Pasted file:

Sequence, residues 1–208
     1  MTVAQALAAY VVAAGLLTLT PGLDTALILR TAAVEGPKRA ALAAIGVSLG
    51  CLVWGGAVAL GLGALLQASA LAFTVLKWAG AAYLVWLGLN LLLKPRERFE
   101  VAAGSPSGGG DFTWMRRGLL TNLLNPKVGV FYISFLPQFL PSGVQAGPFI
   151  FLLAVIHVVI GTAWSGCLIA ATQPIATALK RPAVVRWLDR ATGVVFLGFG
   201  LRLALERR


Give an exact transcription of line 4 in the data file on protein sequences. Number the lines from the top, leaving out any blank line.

   101  VAAGSPSGGG DFTWMRRGLL TNLLNPKVGV FYISFLPQFL PSGVQAGPFI